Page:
Day of chewing the fat with Ponson tips the scales on weighty matter

February 21, 2005|By PETER SCHMUCK

FORT LAUDERDALE, Fla. - In every life, there should come at least one moment of perfect clarity, and mine came yesterday when Sidney Ponson told me that I ought to think about losing some weight.

It's time to get my act together, so I'm going on the Sidney Ponson Diet, which is a little like the South Beach Diet, except that you actually spend a lot of time at South Beach while you're on it.

"I eat grilled fish every day," Sidney said. "I eat meat only once a week and pasta once a week."

That sounds easy enough. We are in Florida, after all, so it isn't exactly tough to find some place that serves a nice grilled swordfish. I'm a fried grouper man myself, but desperate times call for desperate measures, and there is a rumor going around that I might ride along on the Ripken Baseball minor league fantasy bus tour in May. Don't want to take up two seats.

(This is probably as good a time as any to point out that I was made for the fantasy camp concept, since I've been pretending to be a sportswriter for the past 26 years, but negotiations with the Ripken people still are ongoing.)

I've got to give Sidney credit. He's been getting an earful from me all winter - particularly in the weeks after his little run-in with the authorities in Aruba - but he still agreed to share the real secret of his offseason conditioning program.

Eleven days on bread and water?

"No, you have to do 45 minutes of cardio every day," he said.

That's it? If I run on the treadmill for 45 minutes a day, I won't look like Roger Ebert anymore?

"I run and swim every day," Ponson said. "If I'm in the gym, I do 25 minutes on the treadmill and 20 minutes on the elliptical."

I don't even know what an elliptical is, but that doesn't matter since the paramedics probably will arrive about 10 minutes into the treadmill. I asked Sidney if he knew how to do mouth-to-mouth resuscitation, but he told me that if it came to that, I would be on my own.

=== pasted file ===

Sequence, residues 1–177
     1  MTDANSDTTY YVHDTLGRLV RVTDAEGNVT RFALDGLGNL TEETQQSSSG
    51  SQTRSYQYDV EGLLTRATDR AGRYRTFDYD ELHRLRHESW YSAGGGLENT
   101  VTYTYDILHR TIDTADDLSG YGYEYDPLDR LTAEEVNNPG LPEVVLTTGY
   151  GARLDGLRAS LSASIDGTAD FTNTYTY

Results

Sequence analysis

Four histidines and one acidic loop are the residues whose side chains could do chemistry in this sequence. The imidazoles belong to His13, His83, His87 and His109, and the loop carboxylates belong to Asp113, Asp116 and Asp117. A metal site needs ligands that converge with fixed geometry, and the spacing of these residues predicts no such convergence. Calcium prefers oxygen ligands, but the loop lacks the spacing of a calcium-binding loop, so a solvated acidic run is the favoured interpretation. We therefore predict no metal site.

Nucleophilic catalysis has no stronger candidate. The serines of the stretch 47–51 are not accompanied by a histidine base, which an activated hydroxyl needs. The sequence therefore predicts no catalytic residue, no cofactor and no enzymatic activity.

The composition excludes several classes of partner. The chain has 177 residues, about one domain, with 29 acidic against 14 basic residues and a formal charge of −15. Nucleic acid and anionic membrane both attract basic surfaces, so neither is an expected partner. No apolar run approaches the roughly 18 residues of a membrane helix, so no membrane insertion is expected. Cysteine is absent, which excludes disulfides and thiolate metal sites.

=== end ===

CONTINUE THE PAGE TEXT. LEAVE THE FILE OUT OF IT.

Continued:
"I'm going home now and I'm going to have a nice piece of mahi-mahi with chopped onions and green peppers," Ponson said.

Give an assist to Orioles Aruban scout Chu Halabi, who moved in with Ponson in Florida this winter and has served as a full-time mentor and nutritional adviser. He has been doing most of the healthy cooking, though Sidney is becoming something of an amateur chef himself.

There is some irony in having a diet guru named "Chu" (which is pronounced just the way you might think), but he should get a bonus from the Orioles if Sidney shakes off his difficult 2004 season to re-establish himself as the club's go-to starting pitcher.

I've got to admit he looks pretty good, though with Sidney that's somewhat relative. He claims to have only lost 13 pounds, but he looks much more fit and he seems truly committed to getting his career on track.

If that doesn't work, maybe he can punch out Emeril and take over his time slot on The Food Network.

Orioles strength and conditioning coach Tim Bishop spent part of yesterday measuring each player's body fat, which is done by pinching certain parts of the body with something called a skinfold caliper.

I briefly considered asking Bish to use the body fat calculator on me, but abandoned the idea because, well, I just didn't want to know.

"It doesn't go that high, anyway," he said.

Portly Red Sox pitcher David Wells recently made headlines when he took a shot at superstar Alex Rodriguez for being presumptuous when he said "we" in his introductory news conference with the Yankees.

" ... like he's won three or four rings, which he hasn't," Wells said.

I've always liked David (he cracks me up), but it was even more presumptuous for him to rag on the best player in the game for trying to act like a part of his new team. It's not as if Wells has ever shown any great loyalty to any franchise during his career.

Final thought: Wells is honoring Babe Ruth by wearing No. 3 this year, which is nice. He has long been a huge fan of the Babe, but up until now has chosen to honor his memory by eating way too much and getting into bar fights.

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